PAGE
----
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Nutrition Terminology

Protein is made up of structures called amino acids. Of the existing 22 amino acids, 9 are considered to be essential in the diet. A protein is considered complete if it contains all 9 essential amino acids. Generally, animal sources provide complete proteins (meat, fish, poultry, cheese, eggs, milk). Proteins from plants (vegetables, grains and legumes) tend to be limited in one or more of the essential amino acids; for this reason it is recommended that vegetarians combine plant-protein food in order to obtain all of the essential amino acids the body needs.

The general role of protein involves the growth, repair and replacement of body tissues. Protein also provides the body with a source of energy.

Dietary fat is a vital nutrient for the maintenance of a healthy body. Among the three main sources of dietary energy (protein, fat and carbohydrate), fat is the most concentrated source.

In addition to being an important source of energy, fat helps in the absorption of fat soluble vitamins (A,D,E,K). Fat also insulates the body and provides an important protective cushioning layer around internal organs. Furthermore, fat supplies important essential fatty acids, which cannot be made by the body. These fatty acids contribute to the structure of cell membranes and are needed for many bodily functions.

Defining carbohydrates is not a simple task. In general, there are three different types of carbohydrates found in food. These include:

  • Complex carbohydrates (more commonly known as starch), found in grains such as wheat, oats, rice, wild rice, barely, buckwheat, vegetables such as potatoes, sweet potatoes, peas, corn; and legumes, such as dried peas, beans and lentils;
  • Simple carbohydrates or sugars, found in milk and milk products, fruits and vegetables, honey, candies and sweets;
  • Dietary fibre, found in whole grain breads and cereals, vegetables, fruits and legumes such as dried beans, peas and lentils.

The primary role of carbohydrates in the body is to provide energy. Every cell in the body uses carbohydrate in the form of glucose for energy; in fact, glucose is the sole source of energy used by the brain.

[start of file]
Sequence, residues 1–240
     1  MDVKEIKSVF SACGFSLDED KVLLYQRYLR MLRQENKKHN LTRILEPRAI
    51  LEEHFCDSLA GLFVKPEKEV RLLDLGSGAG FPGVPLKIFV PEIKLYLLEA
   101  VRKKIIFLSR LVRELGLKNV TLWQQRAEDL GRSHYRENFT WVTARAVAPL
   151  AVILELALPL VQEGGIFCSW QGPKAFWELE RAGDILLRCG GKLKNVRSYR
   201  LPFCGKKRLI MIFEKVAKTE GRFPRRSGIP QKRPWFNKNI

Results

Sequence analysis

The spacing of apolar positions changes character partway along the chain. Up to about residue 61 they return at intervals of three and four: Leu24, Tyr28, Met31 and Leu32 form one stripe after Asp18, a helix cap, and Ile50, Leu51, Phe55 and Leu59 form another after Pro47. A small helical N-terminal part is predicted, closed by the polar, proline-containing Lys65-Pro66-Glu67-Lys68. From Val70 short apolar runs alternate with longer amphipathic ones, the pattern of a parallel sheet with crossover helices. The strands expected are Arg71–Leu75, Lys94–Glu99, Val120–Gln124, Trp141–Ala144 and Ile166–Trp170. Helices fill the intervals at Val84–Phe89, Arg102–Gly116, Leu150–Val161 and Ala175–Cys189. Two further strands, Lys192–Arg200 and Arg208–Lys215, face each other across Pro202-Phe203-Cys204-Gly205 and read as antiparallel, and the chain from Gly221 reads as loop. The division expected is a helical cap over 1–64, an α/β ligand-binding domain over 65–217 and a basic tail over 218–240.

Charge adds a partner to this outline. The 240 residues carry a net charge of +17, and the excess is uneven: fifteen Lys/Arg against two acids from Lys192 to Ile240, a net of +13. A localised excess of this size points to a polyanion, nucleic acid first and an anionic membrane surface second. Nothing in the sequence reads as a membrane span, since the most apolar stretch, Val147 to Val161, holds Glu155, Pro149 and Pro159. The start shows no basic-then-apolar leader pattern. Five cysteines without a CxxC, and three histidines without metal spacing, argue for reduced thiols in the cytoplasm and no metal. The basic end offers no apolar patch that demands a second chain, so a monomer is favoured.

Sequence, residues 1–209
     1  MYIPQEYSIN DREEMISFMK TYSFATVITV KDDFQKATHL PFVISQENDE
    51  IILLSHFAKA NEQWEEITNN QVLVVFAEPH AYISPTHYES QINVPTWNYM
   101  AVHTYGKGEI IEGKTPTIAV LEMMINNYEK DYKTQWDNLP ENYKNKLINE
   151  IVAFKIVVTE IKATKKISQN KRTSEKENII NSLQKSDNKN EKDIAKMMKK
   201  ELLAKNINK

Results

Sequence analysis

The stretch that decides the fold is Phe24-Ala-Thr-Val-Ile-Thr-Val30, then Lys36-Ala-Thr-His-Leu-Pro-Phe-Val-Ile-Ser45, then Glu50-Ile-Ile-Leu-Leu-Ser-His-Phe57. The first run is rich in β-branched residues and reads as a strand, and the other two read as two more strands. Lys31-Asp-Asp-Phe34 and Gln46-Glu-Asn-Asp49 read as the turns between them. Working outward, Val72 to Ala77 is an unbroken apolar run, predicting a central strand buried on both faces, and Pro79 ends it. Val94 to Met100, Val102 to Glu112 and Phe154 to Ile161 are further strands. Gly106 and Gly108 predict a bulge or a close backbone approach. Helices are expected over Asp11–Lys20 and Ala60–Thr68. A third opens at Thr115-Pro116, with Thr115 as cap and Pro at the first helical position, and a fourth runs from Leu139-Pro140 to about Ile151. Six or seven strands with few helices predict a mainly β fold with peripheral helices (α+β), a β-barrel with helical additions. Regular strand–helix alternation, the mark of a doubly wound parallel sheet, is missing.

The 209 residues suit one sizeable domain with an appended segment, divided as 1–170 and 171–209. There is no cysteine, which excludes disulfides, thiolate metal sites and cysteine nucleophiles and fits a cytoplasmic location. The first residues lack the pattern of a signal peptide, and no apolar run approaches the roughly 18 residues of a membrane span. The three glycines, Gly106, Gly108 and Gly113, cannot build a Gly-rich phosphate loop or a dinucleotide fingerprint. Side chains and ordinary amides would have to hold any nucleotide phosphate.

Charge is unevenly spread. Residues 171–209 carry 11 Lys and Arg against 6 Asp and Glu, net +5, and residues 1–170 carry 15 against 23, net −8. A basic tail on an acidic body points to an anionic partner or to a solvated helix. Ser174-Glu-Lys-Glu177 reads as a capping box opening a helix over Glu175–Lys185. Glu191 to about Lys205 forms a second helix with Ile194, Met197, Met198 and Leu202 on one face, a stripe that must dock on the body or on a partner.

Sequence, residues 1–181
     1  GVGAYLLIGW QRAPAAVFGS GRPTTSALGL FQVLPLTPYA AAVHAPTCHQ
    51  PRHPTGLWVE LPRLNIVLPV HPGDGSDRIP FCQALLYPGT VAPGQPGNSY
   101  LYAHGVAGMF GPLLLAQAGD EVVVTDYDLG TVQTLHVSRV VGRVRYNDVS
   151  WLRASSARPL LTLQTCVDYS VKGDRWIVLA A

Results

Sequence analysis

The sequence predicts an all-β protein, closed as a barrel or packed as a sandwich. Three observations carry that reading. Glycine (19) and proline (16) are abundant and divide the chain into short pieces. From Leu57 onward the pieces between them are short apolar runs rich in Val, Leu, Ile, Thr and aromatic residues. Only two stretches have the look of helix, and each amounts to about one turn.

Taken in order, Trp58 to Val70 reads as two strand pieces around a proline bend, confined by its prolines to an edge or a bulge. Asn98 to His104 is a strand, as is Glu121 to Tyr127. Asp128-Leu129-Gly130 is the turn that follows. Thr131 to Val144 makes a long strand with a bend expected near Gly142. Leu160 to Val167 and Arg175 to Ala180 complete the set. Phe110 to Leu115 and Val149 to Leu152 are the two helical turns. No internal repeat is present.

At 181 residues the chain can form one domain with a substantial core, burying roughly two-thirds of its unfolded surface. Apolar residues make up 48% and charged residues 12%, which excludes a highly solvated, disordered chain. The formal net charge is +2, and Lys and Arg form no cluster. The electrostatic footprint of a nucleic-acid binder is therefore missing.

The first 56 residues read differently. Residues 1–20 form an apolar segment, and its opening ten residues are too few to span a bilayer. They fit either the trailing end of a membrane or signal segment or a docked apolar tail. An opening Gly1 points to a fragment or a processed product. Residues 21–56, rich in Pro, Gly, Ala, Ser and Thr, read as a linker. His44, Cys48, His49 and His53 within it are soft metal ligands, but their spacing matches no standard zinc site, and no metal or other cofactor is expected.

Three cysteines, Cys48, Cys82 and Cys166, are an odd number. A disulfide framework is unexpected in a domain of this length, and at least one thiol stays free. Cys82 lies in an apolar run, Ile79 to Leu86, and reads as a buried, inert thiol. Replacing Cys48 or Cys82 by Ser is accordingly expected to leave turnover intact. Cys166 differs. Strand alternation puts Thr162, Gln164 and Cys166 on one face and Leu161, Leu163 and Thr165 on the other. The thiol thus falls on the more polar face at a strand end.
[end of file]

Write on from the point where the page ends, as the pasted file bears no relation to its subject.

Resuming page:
Vitamins and Minerals
Vitamins and minerals are substances needed in the diet in small amounts to promote growth, reproduction and the maintenance of health. The body is unable to produce its own vitamins and minerals; therefore it is recommended that a variety of foods be eaten in order to get all the vitamins and minerals the body needs. Vitamins and minerals themselves do not provide calories or energy.

Examples of minerals include: calcium, phosphorous and iron.

Calcium helps build strong bones and teeth and for this reason is particularly important in childhood and adolescence. Calcium is also needed for blood clotting, muscle contractions (including your heart) and the sending of nerve impulses. Click here for more detailed information on Calcium.

Phosphorus is found in all cells of the body and aids in the transportation of nutrients in and out of the cell. It also plays an important role in bone and tooth health.

Iron helps build red blood cells, which deliver oxygen throughout the body. Click here for more detailed information on Iron.

Sodium is an essential nutrient found in varying quantities in nearly all foods. Salt (sodium chloride) enhances food flavours and adds to eating enjoyment. Click here for more detailed information on Sodium.

Vitamins can be classified according to being fat or water-soluble:

Fat Soluble Vitamins
Fat-soluble vitamins are stored in the liver and fat tissue of the body until they are needed. Fat-soluble vitamins include vitamins A, D, E and K.

Vitamin A
Vitamin A plays a role in the promotion of vision, particularly with the maintenance of night vision. As well, vitamin A helps in maintaining healthy skin.

Vitamin D
Vitamin D enhances the absorption of calcium and therefore aids in the formation and maintenance of bones and teeth.

Water Soluble Vitamins
Water-soluble vitamins unlike fat-soluble vitamins, are not stored in the body and must be replenished on a daily basis. Water-soluble vitamins include the B vitamins and vitamin C.

The B Vitamins
The B vitamins play crucial parts in the cycle of food absorption. This group of vitamins includes Thiamine, Niacin, and Riboflavin.

Thiamine plays a part in the release of energy from carbohydrates and aids in nerve function.

Niacin aids in normal growth and development and is a factor in energy metabolism and tissue formation.

Riboflavin is a factor in energy metabolism and supports normal vision and skin health.

Vitamin C or Ascorbic Acid
Vitamin C plays a role in the development and maintenance of bones, cartilage, teeth and gums. Vitamin C also strengthens resistance to infection and helps the body absorb iron.

These natural substances include vitamins C and E and minerals selenium and zinc. They appear to work by deactivating free radicals, the unstable oxygen molecules associated with cancer, heart disease and the effects of aging. Click here for more detailed information on Antioxidants.